Can a seafood byproduct boost biopesticides to help growers control apple scab and reduce the use of fungicides?
That’s a question researchers from the University of New Hampshire and Penn State University seek to answer. They only have one year’s worth of data so far, but results look promising.
The researchers are investigating a natural compound called chitosan, which is derived from shrimp or crab shells that are ground into powder. They want to study how well it prevents apple scab before harvest, in combination with biopesticides, said Liza DeGenring, a UNH graduate student and one of the researchers. There is evidence that chitosan may act as a food source for biopesticides, stimulating production of antifungal enzymes and enhancing their usefulness, she said.
Scab is one of the most damaging pathogens facing New Hampshire apple growers, she said. Most of the state’s apples are sold via U-pick orchards and farm markets, where blemish-free fruit is a must.
DeGenring, whose research focuses on increasing the use of biopesticides, got the idea to study chitosan from her faculty advisor, Anissa Poleatewich, an assistant professor of plant pathology at the New Hampshire Agricultural Experiment Station. The new project is based on work Poleatewich did as a graduate student at Penn State.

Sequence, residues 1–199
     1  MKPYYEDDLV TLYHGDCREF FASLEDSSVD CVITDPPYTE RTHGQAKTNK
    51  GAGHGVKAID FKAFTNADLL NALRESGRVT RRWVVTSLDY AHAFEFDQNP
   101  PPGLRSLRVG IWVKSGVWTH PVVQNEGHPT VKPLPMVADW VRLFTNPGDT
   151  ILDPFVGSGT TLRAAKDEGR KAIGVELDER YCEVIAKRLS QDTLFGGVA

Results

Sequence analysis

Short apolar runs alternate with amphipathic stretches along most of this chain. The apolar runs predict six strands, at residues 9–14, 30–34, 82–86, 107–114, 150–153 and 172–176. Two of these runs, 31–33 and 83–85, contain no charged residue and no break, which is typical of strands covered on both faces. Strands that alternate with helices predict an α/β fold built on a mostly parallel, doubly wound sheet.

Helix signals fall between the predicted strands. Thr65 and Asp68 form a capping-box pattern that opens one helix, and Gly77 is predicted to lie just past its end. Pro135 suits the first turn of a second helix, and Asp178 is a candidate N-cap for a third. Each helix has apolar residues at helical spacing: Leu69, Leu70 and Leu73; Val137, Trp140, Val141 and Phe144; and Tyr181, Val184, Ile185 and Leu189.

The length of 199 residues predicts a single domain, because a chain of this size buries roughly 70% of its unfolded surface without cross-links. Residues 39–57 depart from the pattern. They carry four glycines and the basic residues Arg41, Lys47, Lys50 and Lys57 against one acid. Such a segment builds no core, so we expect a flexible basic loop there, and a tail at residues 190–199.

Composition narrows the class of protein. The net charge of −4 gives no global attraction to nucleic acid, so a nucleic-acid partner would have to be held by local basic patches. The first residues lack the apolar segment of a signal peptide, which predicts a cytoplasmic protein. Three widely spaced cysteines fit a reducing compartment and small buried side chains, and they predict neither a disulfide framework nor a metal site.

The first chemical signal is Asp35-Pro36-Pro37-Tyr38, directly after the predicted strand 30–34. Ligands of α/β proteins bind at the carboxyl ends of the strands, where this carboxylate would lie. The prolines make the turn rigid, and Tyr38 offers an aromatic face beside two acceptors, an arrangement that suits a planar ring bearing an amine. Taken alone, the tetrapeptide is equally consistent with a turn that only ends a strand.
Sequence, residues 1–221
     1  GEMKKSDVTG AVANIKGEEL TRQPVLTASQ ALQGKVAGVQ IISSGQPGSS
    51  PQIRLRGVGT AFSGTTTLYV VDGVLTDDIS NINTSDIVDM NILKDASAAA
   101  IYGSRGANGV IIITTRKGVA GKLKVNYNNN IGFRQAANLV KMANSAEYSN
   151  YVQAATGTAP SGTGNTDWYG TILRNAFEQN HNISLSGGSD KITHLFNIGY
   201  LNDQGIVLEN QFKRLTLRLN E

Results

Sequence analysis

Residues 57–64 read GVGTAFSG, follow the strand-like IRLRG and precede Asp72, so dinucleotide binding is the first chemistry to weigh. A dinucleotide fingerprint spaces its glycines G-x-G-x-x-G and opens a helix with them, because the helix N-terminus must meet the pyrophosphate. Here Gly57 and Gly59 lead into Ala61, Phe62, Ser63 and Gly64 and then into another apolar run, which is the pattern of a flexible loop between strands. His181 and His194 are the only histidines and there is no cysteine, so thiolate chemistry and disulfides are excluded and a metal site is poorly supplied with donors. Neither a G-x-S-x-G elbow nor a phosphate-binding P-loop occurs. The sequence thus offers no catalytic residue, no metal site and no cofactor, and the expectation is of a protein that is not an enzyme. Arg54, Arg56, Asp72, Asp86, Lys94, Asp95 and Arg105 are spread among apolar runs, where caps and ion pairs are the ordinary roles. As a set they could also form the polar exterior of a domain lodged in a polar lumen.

“I observed some promising results with chitosan applied postharvest,” she said. “After completing my degree, I had some unanswered questions relating to synergisms between chitosan and biopesticides. Many years later, I decided to pick this work back up again.”
As principal investigator, Poleatewich is helping DeGenring plan the research project.
“We are still in the early stages, but we are seeing some evidence that chitosan can suppress foliar diseases,” Poleatewich said.
To apply chitosan in the form available commercially, researchers dissolve it into a liquid with other ingredients before applying it to plants.
To expand their research, the New Hampshire team connected with Kari Peter, a tree fruit pathologist at the Penn State Fruit Research and Extension Center in Biglerville, Pennsylvania. They needed access to an untreated control — trial trees that don’t have to be sprayed with fungicides — unlike the commercial orchards they work with in New Hampshire.
The pre-coronavirus plan was for DeGenring to lead the field work in Pennsylvania last year. The pandemic scotched that plan, however, forcing the research team to “get creative,” Peter said. Peter’s team ended up executing the Pennsylvania research, while she and DeGenring planned and shared results over Zoom.
In addition to the untreated control, Peter added chitosan to a conventional treatment (Manzate Pro-Stick and captan) and a “reduced risk” treatment (Microthiol Disperss and Regalia). Though it’s only been a year and results aren’t definitive, so far the use of chitosan has slightly reduced scab incidence overall, she said.
DeGenring hopes to continue the project with two full summers of field trials in both states. She’s also studying chitosan’s effects on fruit rots and other postharvest problems with Johanny Castro, one of Peter’s graduate students. •
—by Matt Milkovich